Rwanda to amend genocide law

Rwanda’s lower house passed a bill aimed at reviewing Law n° 18/2008 of 23/07/2008 relating to the punishment of the crime of genocide ideology. The law, which had been adopted in 2008, 14 years after the genocide, had been criticised as muzzling free speech. A number of human rights groups, including ARTICLE 19, criticised the law for being overly vague and said it was being used to crack down on the opposition and critical media.

Journalist released from prison

Stanley Gatera, editor of the newspaper, Umusingi a Kinyarwanda, was released from prison after completing his jail term. Stanley was sentenced in November 2012 to a year’s imprisonment on charges of divisionism and sectarianism as the result of an article published in his newspaper.

He was arrested after complaints were filed by the National Commission for the Fight against Genocide (CNLG) and the women’s rights non-governmental organisation, ProFemme Twese Hamwe, over an article published in issue 71 dated June 25-July 5, 2012. His case was supported by Article 19 via the Emergency Support Fund.


Journalist threatened

Uganda Radio Network (URN) journalist, Tom Malaba, reported that he is living in fear following a number of threatening incidents. These include one on 30 June, where two unidentified men attacked his home at night, prompting the police to fire into the air several times. He has reported the incidents to the police who committed to carrying out a full investigation.

Malaba, a veteran Ugandan journalist, is a crime reporter who also covers Rwandese refugee and education issues. He claims that unidentified men have been trailing him for some time from his workplace to his home. During the incident on 30 June, the two unidentified men managed to enter the compound where he lives at about 02:30 local time and then attempted to break into his house.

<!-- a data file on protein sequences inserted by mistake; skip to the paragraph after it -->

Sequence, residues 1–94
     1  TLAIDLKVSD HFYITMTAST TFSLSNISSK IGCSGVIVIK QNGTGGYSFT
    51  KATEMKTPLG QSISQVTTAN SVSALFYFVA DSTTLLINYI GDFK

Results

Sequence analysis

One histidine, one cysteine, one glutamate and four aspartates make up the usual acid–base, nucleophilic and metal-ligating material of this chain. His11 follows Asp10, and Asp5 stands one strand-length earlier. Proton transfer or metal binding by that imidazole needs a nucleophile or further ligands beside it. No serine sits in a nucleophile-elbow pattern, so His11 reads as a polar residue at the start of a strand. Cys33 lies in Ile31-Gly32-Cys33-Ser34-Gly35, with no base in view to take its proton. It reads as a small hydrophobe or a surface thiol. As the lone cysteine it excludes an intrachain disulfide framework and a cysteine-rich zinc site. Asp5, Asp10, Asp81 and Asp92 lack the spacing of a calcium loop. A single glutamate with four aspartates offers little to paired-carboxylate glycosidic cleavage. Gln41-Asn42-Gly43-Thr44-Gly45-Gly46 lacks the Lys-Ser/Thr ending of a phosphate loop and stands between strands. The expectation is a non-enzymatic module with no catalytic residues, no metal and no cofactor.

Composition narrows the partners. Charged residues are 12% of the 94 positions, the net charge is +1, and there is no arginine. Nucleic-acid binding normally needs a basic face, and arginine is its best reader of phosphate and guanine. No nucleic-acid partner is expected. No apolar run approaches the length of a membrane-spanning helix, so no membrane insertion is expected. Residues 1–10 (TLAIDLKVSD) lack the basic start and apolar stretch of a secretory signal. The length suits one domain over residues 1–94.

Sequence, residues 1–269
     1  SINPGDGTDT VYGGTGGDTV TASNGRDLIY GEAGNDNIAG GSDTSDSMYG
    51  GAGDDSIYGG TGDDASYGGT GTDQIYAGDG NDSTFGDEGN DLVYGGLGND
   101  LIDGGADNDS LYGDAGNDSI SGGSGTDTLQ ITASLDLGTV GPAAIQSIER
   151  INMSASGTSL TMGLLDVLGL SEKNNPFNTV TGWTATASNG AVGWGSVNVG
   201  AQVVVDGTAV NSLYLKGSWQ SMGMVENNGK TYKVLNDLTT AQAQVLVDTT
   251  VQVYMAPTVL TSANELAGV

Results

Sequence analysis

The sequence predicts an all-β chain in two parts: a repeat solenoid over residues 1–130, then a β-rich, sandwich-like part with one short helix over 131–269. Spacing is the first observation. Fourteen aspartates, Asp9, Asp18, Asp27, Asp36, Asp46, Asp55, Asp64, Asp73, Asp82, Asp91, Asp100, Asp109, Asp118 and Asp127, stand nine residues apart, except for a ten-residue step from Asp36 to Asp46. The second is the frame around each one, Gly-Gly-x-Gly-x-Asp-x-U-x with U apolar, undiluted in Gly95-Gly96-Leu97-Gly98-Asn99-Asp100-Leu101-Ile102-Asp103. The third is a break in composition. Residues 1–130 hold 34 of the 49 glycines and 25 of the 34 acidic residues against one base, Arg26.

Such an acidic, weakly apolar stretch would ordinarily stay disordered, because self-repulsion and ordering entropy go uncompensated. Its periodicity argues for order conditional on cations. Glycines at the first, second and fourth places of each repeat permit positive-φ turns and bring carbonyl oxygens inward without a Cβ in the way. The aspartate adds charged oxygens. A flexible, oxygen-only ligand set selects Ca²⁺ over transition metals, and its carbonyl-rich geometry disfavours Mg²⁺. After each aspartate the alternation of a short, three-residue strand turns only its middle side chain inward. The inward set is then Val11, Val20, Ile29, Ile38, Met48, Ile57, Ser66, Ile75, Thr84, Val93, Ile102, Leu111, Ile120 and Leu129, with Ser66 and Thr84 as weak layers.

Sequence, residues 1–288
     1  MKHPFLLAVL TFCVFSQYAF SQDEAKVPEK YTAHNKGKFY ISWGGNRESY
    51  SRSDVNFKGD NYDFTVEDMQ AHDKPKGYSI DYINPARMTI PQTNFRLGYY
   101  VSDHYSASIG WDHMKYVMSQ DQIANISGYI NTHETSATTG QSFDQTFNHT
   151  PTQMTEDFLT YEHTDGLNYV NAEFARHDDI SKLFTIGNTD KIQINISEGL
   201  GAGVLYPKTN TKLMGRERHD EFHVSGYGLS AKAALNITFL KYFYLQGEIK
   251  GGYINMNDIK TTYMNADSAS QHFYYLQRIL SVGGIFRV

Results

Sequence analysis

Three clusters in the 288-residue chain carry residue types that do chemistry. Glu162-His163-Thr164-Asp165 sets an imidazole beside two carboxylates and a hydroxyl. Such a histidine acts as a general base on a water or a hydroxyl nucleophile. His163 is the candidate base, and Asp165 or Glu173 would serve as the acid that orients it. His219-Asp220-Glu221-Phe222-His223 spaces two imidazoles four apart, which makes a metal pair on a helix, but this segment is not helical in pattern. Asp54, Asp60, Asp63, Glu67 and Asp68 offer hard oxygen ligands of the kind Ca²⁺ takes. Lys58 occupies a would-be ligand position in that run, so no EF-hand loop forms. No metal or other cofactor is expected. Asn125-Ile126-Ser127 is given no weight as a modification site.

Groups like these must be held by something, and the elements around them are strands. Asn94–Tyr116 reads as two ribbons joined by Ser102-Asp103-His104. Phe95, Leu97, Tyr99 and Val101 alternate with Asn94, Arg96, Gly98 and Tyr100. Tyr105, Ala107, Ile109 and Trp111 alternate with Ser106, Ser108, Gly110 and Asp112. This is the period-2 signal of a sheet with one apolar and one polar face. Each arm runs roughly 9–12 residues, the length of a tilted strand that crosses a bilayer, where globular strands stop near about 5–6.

Journalists assaulted

On 8 July, Vision Group journalist Saul Wokulira was assaulted by Mrs Florence Nakkonde, an official from Uganda’s Ministry of Finance. The assault took place while Wokulira was covering a domestic scuffle involving the official, who also destroyed his video camera. The case was reported to the police but an out of court settlement was reached. Mrs Nakkonde offered an apology and compensation to the journalist.


Protests in Ethiopia

Since 2 June 2013, thousands of Ethiopian opposition activists and journalists have been demonstrating in Addis Ababa. They are demanding the release of the journalists and political prisoners who have been jailed under Ethiopia’s 2009 anti-terrorism legislation. The protests are being organised by the Unity for Democracy and Justice Party.

Journalists, opposition members and religious leaders have been jailed under Ethiopia's anti-terrorism legislation. Human rights groups claim that the government is using it to stifle freedom of the press and freedom of information.

Last year, the journalist Eskinder Nega and the Vice-Chairman of the Unity for Democracy and Justice Party, Andualem Arage, were both jailed under the anti-terrorism legislation for treason and conspiring to commit acts of terror.

The latest protests in Addis Ababa are the largest since 2005’s post-election violence, which resulted in 200 people being killed and 30,000 arrested.